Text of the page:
dems fall on their faces…. again!

these days i find myself generally pissed off at the democratic party, both on the national scene and here in hawaii.  now, i’ll admit that i’ve never been a huge fan of the party to begin with, as i feel it offers (nationally anyway) only moderate differences in policy to the republicans.  anyone who doesn’t think the dnc is just as much in bed with big business as the republicans is, in my opinion, simply fooling themselves.  but i digress….

every attempt made by democrats in congress to end this pointless, not to mention illegal, war has been met with bitter failure.  republicans (with a few exceptions) refuse to leave the side of their trusted leader (even if he is a big horse’s ass).  i think democrats continually fall short of what is absolutely needed, ending the war, but i understand to some extent the necessity for compromise.  of course, on the other side, republicans will not budge and democrats are assailed with insults from every side whenever they present any kind of change in course or policy.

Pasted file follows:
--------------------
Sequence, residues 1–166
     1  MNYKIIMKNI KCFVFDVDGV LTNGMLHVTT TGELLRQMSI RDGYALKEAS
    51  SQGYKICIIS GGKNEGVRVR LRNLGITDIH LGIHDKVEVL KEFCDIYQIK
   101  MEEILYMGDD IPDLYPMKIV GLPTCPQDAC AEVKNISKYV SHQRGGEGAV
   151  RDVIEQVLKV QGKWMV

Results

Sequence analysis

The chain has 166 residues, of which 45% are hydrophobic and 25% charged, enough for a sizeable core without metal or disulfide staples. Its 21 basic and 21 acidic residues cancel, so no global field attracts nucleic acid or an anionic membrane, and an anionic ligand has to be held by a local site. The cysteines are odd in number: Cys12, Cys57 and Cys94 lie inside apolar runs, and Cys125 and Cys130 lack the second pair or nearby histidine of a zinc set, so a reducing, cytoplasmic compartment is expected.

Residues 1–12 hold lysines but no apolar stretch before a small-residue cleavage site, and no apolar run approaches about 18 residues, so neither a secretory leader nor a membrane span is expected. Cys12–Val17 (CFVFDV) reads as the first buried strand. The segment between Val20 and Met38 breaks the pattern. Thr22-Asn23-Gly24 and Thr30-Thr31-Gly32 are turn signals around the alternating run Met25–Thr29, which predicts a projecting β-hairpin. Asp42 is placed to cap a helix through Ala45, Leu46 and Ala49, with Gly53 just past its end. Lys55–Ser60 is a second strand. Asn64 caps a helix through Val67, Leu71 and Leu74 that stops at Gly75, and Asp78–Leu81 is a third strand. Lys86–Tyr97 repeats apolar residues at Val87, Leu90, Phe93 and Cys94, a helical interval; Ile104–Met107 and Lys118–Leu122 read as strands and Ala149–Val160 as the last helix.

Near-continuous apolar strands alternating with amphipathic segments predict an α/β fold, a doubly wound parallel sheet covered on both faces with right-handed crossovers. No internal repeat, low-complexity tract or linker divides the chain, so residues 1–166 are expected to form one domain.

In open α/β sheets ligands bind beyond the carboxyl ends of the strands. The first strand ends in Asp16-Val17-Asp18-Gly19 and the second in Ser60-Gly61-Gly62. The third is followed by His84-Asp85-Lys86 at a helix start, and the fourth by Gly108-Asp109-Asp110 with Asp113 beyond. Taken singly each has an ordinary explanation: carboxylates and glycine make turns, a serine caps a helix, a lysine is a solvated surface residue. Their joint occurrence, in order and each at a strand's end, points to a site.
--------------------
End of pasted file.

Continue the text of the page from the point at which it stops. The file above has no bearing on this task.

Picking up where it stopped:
take for example the most recent defeat of senate democrats to put limits on how long troops can stay in the field and how long they must have at home.  in the past, republicans have been able to use their trusted mantra “democrats don’t support our troops.”  this time, however, even a monkey (though maybe not our president) could see that argument wouldn’t fly, so they showcased others from their bag of tricks: “this is a veiled attempt to change the course of the war through legislation.”  it may or may not be true, but the fact of the matter is this bill, in my opinion, was the best shot by democrats to date.  of course, they failed again, and i’ll tell you why; once again, they let the republicans control the conversation.  once again, the democrats were forced into a defensive position.